Montenegro parliament strips 2 anti-NATO lawmakers of immunity
All 42 members of the 81-seat parliament who were present on Wednesday, approved a motion filed by the Special Prosecutor for Organized Crime, Milivoje Katnic, which demanded the leaders of the opposition Democratic Front alliance, Andrija Mandic and Milan Knezevic, to be detained and eventually put on trial.
The rest of the MPs were absent from the voting session as several hundred activists protested outside the parliament building. Some 39 opposition MPs, including the 18 MPs from the Democratic Front, are currently boycotting the Montenegrin parliament.
Mandic and Knezevic joined the activists on Wednesday as the ruling Democratic Party of Socialists (DPS) decided their fate.
“We decided to oppose the dictatorial regime and there is no force which could stop us ... until we free Montenegro by democratic means,” Mandic told the crowd, according to AFP.
According to a statement on the parliamentary website, Mandic, 52, and Knezevic, 36, are suspected of “creating a criminal organization ... and preparing an attempt on the constitutional order and security of Montenegro.”
Both parliamentarians are being accused of organizing an alleged coup during national elections on October 16, which prosecutors claim also envisioned plans to kill the then-prime minister before seizing power.
To avoid a possible outbreak of violence amid ongoing protests over Montenegro’s future with NATO, the supreme state prosecutor Ivica Stankovic clarified that MPs will not be jailed immediately.
“In the concrete case the arrest should not be proposed,” Stankovic said in a statement citing notably the “presumption of innocence.”
The two MPs have repeatedly denied taking part in a coup, which the government has blamed on Russian and Serbian nationalists. Some 20 people, including two Russian citizens, are accused of attempting a coup in order to derail Montenegro's accession into NATO.
Montenegro, a former part of Yugoslavia, is in the process of joining NATO as the 29th state of the alliance. In May last year, NATO members signed an Accession Protocol for Montenegro, extending an ‘invitee’ status to the small Balkan country.
Once all 28 allies have ratified the Accession Protocol, Montenegro can join the alliance. So far, twenty-four of NATO’s 28 members have approved Montenegrin membership, endorsed during NATO's Warsaw summit in July 2016.
On Tuesday, NATO Secretary-General Jens Stoltenberg said its still not clear if and when the remaining four NATO members, including the US, will agree to accept Montenegro.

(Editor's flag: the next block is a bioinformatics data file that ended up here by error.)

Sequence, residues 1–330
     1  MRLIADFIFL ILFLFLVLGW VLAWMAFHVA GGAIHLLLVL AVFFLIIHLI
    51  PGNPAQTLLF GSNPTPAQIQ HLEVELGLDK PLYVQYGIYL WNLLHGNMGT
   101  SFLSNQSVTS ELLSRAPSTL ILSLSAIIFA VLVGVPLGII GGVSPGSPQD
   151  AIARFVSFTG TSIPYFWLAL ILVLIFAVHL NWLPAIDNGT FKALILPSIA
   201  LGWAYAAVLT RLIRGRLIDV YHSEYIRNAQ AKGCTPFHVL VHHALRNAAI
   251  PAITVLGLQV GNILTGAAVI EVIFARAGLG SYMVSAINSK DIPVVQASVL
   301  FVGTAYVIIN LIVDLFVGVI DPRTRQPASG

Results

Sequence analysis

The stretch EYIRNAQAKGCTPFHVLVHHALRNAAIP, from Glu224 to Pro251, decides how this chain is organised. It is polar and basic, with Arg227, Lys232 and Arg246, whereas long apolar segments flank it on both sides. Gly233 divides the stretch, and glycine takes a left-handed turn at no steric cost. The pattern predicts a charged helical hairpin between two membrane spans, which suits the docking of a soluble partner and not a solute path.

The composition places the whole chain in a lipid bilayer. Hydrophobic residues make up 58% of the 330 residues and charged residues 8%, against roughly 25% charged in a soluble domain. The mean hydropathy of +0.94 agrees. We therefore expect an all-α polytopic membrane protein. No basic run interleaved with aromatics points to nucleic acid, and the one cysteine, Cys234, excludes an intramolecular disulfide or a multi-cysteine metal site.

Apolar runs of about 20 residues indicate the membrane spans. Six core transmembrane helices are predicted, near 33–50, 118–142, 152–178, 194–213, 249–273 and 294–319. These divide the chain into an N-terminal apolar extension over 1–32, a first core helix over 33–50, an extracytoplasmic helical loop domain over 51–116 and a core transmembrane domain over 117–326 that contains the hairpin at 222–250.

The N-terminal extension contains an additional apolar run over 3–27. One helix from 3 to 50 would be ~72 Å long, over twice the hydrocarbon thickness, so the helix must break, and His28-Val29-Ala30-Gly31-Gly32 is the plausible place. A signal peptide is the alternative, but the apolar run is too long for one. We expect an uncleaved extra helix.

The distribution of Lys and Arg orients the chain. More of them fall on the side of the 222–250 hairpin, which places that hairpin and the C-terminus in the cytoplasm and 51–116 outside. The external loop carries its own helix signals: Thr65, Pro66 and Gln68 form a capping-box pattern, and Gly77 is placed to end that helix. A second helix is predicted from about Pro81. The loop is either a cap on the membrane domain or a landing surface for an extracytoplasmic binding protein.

He pointed out that NATO is “on a good track to have the membership of Montenegro relatively soon” claiming that “there has been no sign that the US administration is not supporting the ratification.” Stoltenberg also added that France is also ready to ratify the protocol.
Montenegro, a nation of 620,000 people, is deeply divided between those who want to join NATO and others who seek protection from Russia, a traditional Slavic ally. Those opposing the move cite the atrocities committed by NATO in the 1999 war against the former Yugoslavia, which claimed the lives of many civilians in the alliance’s nationwide bombing raids against what was called military targets.
“We are traditionally against NATO. We are not against joining NATO just because of NATO aggression that happened in 1999. We are against because we see NATO as a problem and not a solution of the modern global world,” Nikola Jovanovic from the Democratic Front told RT.
The young politician pointed out that the “best solution” for his country is to stay “neutral,” together with Serbia, Montenegro, Bosnia and Herzegovina and Macedonia.
“We think that Montenegro is in deep political crisis because the regime in Podgorica is forcing NATO membership against the will of the vast majority of citizens,” as he called on the ruling party to declare a referendum on NATO membership.
The Montenegrin noted that his country is on the brink of a possible “civil unrest” unless the ruling party stops “aggressive attacks” on the opposition leaders that oppose NATO.
Jovanovic noted that having good relations with Russia is “traditionally,” historically and economically important for Montenegro. “We do not want to become a part of military alliance that is against Russia,” he noted.